Where would he go? Media reports said a month in Provence was first on the cards, after a debriefing at Whitehall in London. He was to leave the house and head straight to Tamar for a farewell to troops. At midnight he’d be seeing the Union Jack lowered for the last time before boarding Britannia for a sail out of Victoria Harbour . His future seemed slightly clearer than hers, Suzanne mused.

People on the footpath below her let out a cheer. Suzanne dropped her mirror in the commotion and was rattled to hear it crack as it bounced off the rail and shattered into slivers on the ground below. Her superstitious hairs stood on end as she saw a dozen different reflections in the pieces splattered with rain at her feet. The motorcade pulled out of the gates ahead.

A cheer traveled down the crowd as the procession of cars drove onto the road. A lone police motorcycle and two black jeeps proceeded the Governor’s Bentley. A gloved hand waved from the back and a flash of silver hair sped by. The crowd waved and cheered and in a minute it was done. The Governor was gone.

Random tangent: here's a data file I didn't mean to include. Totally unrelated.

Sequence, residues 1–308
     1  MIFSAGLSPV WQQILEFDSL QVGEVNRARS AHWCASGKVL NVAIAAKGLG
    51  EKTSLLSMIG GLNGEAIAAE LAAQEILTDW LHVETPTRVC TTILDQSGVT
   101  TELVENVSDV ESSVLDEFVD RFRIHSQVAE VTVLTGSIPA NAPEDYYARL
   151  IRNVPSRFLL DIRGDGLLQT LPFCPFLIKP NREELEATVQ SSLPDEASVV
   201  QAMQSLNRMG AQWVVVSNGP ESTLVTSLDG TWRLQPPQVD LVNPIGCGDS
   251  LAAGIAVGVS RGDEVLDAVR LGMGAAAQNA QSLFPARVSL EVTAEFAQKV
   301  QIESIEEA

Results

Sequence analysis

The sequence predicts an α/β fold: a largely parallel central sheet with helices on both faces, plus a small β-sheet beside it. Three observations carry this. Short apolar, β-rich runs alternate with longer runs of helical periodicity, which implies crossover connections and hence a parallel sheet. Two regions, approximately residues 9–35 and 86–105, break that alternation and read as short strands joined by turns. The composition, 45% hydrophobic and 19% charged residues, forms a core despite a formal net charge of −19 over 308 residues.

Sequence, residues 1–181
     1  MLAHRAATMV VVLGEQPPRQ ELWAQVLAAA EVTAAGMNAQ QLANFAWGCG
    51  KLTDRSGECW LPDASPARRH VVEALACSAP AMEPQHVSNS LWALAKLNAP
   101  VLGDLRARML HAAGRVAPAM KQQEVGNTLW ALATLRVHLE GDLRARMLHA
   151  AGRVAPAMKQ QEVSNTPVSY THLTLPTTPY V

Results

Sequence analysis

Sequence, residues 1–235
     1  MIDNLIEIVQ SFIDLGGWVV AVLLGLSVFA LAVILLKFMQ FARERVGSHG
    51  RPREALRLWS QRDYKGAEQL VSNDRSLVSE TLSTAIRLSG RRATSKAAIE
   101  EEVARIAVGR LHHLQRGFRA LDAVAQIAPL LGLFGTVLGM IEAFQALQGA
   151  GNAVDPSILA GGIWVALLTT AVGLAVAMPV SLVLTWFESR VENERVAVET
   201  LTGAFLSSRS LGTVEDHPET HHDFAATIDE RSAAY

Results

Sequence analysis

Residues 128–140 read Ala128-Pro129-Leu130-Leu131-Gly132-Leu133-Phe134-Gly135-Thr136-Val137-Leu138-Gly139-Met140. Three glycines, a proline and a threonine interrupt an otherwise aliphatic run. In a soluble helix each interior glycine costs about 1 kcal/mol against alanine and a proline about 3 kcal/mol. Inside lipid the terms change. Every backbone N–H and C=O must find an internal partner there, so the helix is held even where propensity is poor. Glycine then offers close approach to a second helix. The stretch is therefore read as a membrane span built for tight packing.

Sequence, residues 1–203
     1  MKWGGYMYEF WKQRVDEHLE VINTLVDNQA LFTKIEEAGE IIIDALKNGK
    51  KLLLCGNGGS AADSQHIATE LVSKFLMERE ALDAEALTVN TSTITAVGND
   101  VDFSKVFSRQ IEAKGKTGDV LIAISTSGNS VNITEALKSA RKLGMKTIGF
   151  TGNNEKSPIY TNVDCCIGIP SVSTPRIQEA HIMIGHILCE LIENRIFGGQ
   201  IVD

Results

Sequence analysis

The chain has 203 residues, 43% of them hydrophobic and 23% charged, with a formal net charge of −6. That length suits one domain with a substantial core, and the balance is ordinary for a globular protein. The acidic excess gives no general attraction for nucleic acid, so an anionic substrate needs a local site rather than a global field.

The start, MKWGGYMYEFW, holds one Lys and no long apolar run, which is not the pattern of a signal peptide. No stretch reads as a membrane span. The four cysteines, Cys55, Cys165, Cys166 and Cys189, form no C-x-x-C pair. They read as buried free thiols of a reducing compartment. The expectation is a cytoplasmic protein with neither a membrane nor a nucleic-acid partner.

Suzanne looked back to the wet, ground-up mirror and saw fragments of sky, herself, Chinese faces, umbrellas. Pieces of a collage colored by gray and rain. The Chinese family retreated. She stood looking at the empty mansion. An hour later she was till there, transfixed and alone. Wondering what would they do with the house. Who was going to live there now? Tears streamed with the rain down her face.

* * *

Red-yellow-green fireworks had been filling the sky for ten minutes already. Chrysanthemum followed chrysanthemum followed by volleys of rockets. From the rooftop apartment overlooking Causeway Bay, Suzanne and everyone at the party had a perfect view of the Handover celebration. In two hours it would be midnight. Goodbye Britain, hello China was Suzanne’s clarion call of the night.